"It's not so much a case that we went down" in fatalities, said Steven Flint, a statistician with the DWI Resource Center and the former chief of the state's Traffic Safety Bureau.
"It's that other states have had the misfortune of going up."
Crash figures are provided by the National Highway Traffic Safety Administration
, and per capita rates are determined by the 2000 U.S. census, Flint
By comparison, 2002's safest state was New York with 2.1 deaths per 100,000. Flint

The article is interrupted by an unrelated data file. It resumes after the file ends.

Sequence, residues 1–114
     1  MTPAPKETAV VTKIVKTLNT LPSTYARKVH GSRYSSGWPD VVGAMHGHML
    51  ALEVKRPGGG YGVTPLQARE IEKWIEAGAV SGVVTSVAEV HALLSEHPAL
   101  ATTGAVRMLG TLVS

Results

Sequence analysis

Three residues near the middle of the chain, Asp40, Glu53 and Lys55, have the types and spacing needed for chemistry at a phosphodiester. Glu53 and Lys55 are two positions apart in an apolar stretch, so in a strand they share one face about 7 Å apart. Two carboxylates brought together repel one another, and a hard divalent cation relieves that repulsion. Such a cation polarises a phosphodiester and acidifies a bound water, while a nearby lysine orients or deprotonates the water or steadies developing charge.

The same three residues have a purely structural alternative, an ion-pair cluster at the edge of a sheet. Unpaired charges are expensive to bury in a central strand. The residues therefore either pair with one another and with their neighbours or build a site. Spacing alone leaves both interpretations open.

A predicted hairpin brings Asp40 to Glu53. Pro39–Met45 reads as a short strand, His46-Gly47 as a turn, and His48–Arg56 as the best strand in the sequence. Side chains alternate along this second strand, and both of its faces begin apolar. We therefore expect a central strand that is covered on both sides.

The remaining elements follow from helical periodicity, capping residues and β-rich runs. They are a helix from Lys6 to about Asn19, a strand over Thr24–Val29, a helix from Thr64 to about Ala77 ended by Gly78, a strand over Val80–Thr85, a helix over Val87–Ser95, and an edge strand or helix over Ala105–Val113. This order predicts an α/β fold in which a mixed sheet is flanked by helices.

said states like New York, 49th-ranked New Jersey and 48th-ranked Massachusetts avoid alcohol-related deaths because of their dense urban areas and the extensive use of public transportation such as subways and taxis.
But even out West where long stretches of highway and a lack of urban centers exist, New Mexico still far surpasses its neighbors in deadly drunken driving. "You'd be more than three times as likely to lose someone to DWI in New Mexico than you would driving through Utah," Flint said.